Many people in my classes have said they sleep better after practicing qigong. Floating arms exercise is one of my favorites for promoting sleep.
Qigong and Sleep Apnea
This study from the Sleep Disorders Center in Turkey provides strong evidence that a Tai Chi and Qigong program (three times per week for twelve weeks) can significantly improve breathing during sleep and improve the quality of sleep in patients with sleep apnea.
Fifty participants were equally randomized into an intervention group and a control group. The intervention group received Tai Chi and Qigong instruction for 1 hour, 3 times a week with self-practice on 2 additional days for 12 weeks. The control group received a home exercise program only, for 5 days/week for 12 weeks.
Subjective and objective sleep measures, as well as pulmonary function test results were taken before and after the study period. Results showed that the group receiving Tai Chi and Qigong instruction improved in both subjective and objective sleep quality and efficiency measures, as well as pulmonary function testing during sleep.
The authors concluded that Tai Chi and Qigong training may reduce oxygen deprivation during sleep, improve sleep quality and efficiency, and improve daytime alertness in people with obstructive sleep apnea.
The Journal of Alternative and Complementary Medicine
The Effect of T’ai Chi and Qigong Training on Patients with Obstructive Sleep Apnea: A Randomized Controlled Study
Gulhan Yilmaz Gokmen, Muhammed Emin Akkoyunlu, Lutfiye Kilic, and Candan Algun
Published Online:14 Nov 2018 https://doi.org/10.1089/acm.2018.0197
Objectives: This study aims to investigate the effects of t’ai chi and qigong (TCQ) training on severity of obstructive sleep apnea (OSA).
Design: A prospective, 12-week, single-center, double-blinded, randomized controlled trial.
Setting: Sleep Disorders Center of Medical Faculty in Istanbul, Turkey.
Subjects: Fifty adult patients with mild and moderate OSA.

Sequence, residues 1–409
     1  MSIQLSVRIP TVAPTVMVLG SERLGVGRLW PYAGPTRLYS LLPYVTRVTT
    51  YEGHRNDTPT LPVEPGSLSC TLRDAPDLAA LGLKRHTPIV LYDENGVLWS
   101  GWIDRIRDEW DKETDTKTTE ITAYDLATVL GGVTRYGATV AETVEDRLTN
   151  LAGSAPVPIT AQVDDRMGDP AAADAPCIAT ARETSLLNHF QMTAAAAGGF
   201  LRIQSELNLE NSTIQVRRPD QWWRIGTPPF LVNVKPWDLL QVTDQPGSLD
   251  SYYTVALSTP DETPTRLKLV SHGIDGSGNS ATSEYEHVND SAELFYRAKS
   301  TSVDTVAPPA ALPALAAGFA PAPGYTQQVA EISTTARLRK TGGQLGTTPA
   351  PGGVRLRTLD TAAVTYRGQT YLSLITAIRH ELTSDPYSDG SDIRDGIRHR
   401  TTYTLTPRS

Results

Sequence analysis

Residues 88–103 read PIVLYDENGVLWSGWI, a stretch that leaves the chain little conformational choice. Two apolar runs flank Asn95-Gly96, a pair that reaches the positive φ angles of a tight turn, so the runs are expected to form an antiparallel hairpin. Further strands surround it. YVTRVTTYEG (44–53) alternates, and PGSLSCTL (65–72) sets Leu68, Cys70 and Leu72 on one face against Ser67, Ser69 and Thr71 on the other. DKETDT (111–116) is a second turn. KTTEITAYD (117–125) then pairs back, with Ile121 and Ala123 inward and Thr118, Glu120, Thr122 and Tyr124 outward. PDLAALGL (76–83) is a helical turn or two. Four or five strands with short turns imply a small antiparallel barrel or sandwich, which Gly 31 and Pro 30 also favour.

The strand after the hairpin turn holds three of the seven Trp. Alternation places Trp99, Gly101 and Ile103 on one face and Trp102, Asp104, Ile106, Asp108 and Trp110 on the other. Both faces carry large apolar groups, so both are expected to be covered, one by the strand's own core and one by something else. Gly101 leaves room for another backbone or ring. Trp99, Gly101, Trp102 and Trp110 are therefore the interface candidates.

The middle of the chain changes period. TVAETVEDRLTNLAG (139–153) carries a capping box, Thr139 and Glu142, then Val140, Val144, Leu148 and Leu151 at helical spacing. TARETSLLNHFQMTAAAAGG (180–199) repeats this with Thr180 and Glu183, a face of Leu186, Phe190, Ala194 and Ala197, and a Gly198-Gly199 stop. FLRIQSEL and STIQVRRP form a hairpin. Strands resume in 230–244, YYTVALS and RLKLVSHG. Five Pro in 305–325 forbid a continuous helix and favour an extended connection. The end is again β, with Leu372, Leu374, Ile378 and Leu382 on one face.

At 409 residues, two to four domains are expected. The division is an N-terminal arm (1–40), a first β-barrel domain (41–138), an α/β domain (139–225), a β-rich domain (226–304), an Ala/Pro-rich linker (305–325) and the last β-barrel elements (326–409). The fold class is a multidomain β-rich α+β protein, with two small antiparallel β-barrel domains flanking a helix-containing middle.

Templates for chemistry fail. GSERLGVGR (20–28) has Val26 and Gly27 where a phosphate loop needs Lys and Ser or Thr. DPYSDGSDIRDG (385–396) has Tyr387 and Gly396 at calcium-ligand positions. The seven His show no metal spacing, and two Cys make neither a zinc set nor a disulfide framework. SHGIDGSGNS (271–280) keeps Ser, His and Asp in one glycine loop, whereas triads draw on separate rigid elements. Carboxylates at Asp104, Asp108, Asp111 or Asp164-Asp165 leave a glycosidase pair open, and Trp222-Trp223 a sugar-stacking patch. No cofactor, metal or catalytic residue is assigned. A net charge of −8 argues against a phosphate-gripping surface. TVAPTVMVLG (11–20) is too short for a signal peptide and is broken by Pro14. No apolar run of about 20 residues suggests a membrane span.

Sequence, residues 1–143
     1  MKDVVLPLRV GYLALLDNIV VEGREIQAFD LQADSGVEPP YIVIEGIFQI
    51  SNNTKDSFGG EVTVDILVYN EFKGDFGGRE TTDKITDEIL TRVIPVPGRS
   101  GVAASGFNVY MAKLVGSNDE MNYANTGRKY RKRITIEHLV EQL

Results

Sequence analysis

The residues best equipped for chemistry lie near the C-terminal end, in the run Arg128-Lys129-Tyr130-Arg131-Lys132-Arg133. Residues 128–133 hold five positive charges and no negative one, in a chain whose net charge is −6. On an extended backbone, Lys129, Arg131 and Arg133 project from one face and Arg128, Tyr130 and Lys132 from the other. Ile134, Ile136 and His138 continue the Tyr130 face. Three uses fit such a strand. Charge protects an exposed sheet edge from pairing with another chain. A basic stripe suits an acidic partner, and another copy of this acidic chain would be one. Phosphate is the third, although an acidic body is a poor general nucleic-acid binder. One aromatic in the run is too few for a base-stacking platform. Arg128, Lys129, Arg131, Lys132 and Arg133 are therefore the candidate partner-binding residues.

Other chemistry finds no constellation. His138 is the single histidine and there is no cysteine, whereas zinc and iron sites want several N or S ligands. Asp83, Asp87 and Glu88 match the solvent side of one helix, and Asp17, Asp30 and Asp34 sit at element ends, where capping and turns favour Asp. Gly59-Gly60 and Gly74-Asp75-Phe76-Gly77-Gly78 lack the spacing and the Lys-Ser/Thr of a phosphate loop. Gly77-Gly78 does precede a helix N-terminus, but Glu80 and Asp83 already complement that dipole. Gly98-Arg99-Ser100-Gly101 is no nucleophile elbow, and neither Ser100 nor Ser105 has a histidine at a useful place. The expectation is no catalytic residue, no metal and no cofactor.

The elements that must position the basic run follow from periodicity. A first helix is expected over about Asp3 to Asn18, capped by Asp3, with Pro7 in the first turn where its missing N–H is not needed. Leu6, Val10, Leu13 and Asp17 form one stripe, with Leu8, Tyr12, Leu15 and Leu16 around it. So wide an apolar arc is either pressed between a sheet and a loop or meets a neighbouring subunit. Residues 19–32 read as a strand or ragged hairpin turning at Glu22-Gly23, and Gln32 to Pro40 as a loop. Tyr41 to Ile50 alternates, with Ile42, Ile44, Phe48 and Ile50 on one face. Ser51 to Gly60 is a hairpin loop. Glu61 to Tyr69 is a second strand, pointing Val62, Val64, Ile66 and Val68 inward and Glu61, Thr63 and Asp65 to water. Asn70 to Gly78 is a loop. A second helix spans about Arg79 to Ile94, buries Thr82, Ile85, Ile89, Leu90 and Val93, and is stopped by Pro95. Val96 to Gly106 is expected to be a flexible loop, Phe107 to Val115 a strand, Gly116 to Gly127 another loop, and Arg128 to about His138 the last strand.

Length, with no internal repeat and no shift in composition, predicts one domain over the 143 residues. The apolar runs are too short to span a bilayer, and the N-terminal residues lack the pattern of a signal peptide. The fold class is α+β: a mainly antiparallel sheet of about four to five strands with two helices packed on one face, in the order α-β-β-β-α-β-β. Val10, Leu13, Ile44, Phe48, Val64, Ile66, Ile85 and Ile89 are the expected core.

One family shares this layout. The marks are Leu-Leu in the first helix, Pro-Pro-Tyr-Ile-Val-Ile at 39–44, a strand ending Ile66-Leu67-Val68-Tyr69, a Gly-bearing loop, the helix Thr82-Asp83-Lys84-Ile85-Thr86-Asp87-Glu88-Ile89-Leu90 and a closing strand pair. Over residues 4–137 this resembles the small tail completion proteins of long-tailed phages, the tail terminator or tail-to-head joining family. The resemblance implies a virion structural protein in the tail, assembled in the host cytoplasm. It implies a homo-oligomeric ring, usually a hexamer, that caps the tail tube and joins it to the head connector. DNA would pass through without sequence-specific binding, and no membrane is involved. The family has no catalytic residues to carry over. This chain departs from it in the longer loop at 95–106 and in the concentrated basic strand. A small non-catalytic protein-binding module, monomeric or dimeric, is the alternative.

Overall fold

Interventions: Patients were randomly allocated into either an intervention group or a control group. The intervention group (n = 25) received TCQ training under physiotherapist supervision for 1 h, three times per week, for 12 weeks and a home exercise program was provided for another 2 days. The control group (n = 25) received only a home exercise program for 12 weeks, 5 days per week.
Outcome measures: All patients were assessed before and after the exercise program. Objective parameters of sleep were measured by polysomnography, while subjective parameters of sleep were assessed using the Epworth Sleepiness Scale (ESS) and the 3-factor Pittsburgh Sleep Quality Index (PSQI). Pulmonary functions were assessed with a pulmonary function test; health-related quality of life was evaluated through the Short Form-36.
Results: In the intervention group, there was a statistically significant decrease in the apnea–hypopnea index (AHI) (p = 0.001) and percentage and duration of stage N2 sleep (p = 0.041 and p = 0.037, respectively), while there was a statistically significant increase in percentage and duration of stage N3 sleep when compared with the controls (p = 0.048 and p = 0.043, respectively). There was a statistically significant decrease in the ESS, PSQI sleep efficiency, and total scores (p = 0.001, p = 0.003, and p = 0.003, respectively).
Conclusions: Our study results suggest that TCQ training may reduce AHI and daytime sleepiness, while improving subjective sleep quality, in patients with mild and moderate OSA.